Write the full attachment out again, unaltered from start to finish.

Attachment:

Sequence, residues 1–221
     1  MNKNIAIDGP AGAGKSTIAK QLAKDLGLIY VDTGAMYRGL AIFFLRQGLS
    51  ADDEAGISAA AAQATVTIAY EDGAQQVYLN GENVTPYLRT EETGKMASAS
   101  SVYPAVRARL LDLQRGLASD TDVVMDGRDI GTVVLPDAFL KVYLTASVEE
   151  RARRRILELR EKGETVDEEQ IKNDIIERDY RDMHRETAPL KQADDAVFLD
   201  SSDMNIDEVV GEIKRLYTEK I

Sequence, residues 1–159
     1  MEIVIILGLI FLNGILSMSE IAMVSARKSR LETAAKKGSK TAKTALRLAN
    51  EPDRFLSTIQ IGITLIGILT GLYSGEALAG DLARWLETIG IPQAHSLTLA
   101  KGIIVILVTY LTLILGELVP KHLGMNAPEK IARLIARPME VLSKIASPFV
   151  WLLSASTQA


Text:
Sequence, residues 1–221
     1  MNKNIAIDGP AGAGKSTIAK QLAKDLGLIY VDTGAMYRGL AIFFLRQGLS
    51  ADDEAGISAA AAQATVTIAY EDGAQQVYLN GENVTPYLRT EETGKMASAS
   101  SVYPAVRARL LDLQRGLASD TDVVMDGRDI GTVVLPDAFL KVYLTASVEE
   151  RARRRILELR EKGETVDEEQ IKNDIIERDY RDMHRETAPL KQADDAVFLD
   201  SSDMNIDEVV GEIKRLYTEK I

Sequence, residues 1–159
     1  MEIVIILGLI FLNGILSMSE IAMVSARKSR LETAAKKGSK TAKTALRLAN
    51  EPDRFLSTIQ IGITLIGILT GLYSGEALAG DLARWLETIG IPQAHSLTLA
   101  KGIIVILVTY LTLILGELVP KHLGMNAPEK IARLIARPME VLSKIASPFV
   151  WLLSASTQA